Impact investing refers to investments in enterprises that produce social and environmental benefits, along with financial returns. Dai-ichi Life had ¥36.24 trillion of total assets at the end of 2018.

Source: Asia Asset Management


Carlyle Group said it had acquired a 9% stake in SBI Life Insurance Company from BNP Paribas for Rs46 billion ($649 million).

BNP Paribas Cardif, a subsidiary of the France-based BNP Paribas group, sold 92 million shares or 9.23% of its stake to CA Emerald Investments, an affiliate of the Carlyle Group, according to a statement.

Following the transaction, BNP Paribas Cardif will own 12.8% of SBI Life, while SBI will remain the majority shareholder with a 62.1% stake, Carlyle said in a separate statement.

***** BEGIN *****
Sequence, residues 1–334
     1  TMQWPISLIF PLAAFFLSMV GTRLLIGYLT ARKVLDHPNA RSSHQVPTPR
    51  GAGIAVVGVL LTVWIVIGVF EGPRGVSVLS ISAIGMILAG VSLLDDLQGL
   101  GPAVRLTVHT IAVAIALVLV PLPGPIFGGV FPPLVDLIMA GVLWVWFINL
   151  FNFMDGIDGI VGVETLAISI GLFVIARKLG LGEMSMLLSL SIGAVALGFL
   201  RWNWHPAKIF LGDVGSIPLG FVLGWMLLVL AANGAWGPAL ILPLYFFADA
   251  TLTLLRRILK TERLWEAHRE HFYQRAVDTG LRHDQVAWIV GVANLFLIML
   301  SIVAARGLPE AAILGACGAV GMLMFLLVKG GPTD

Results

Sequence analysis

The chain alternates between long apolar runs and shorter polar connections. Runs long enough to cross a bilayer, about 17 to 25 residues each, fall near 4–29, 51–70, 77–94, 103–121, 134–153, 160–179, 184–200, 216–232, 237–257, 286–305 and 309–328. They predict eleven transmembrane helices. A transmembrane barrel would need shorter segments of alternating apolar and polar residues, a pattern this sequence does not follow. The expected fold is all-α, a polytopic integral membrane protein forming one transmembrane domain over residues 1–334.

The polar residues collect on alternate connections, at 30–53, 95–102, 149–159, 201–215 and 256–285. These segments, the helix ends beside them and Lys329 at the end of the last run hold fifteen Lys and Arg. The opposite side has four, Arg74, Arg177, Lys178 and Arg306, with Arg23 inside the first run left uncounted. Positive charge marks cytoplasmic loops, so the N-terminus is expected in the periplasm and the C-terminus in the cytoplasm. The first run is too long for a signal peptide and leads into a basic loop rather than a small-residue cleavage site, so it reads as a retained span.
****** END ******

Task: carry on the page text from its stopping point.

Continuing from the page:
Source: BloombergQuint; Carlye Group


South Korea’s Military Mutual Aid Association (MMAA) appointed six managers to invest W120 billion ($107.3 million) on Thursday (February 27). MMAA will allocate W10 billion to W30 billion to each manager, W90 billion to private equity funds and W30 billion to venture capitals in total.

Among the six managers, Stic Investments, IMM PE and Q Capital Partners are private equity funds and Partners Investment, TS Investment, Stonebridge Ventures are venture capital funds.

MMAA currently manages around W1 trillion of assets.

Source: Money Today (In Korean)

The National Pension Service (NPS) reported the poorest investment results in its 30-year history, posting its first negative average return since 2008. Its equity-heavy portfolio was blamed most for the negative 0.92% return on average in 2018, with stocks at home and abroad making up 35% of its portfolio.